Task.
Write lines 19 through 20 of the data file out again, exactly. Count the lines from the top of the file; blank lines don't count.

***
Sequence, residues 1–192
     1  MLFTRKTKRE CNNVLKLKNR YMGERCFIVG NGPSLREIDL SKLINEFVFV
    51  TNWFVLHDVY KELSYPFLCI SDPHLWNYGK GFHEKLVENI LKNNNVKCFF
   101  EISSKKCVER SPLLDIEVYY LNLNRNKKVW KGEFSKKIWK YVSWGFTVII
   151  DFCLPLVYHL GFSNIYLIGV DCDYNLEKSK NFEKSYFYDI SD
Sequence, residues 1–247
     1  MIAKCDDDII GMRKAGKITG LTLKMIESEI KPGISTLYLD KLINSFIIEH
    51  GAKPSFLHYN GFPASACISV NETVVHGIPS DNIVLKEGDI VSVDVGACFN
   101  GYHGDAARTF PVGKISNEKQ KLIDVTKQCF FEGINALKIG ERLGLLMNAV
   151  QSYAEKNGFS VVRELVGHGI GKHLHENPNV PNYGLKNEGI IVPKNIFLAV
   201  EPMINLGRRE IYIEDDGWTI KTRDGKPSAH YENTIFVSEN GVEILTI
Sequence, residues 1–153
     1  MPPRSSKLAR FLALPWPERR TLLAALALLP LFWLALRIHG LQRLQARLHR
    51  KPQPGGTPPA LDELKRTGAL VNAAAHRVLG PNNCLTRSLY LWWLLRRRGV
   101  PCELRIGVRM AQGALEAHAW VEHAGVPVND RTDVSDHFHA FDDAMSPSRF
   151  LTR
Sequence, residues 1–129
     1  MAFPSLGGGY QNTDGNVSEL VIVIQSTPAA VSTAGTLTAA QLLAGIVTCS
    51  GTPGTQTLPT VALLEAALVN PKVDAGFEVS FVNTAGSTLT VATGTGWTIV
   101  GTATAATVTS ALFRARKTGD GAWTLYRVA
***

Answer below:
    51  GTPGTQTLPT VALLEAALVN PKVDAGFEVS FVNTAGSTLT VATGTGWTIV
   101  GTATAATVTS ALFRARKTGD GAWTLYRVA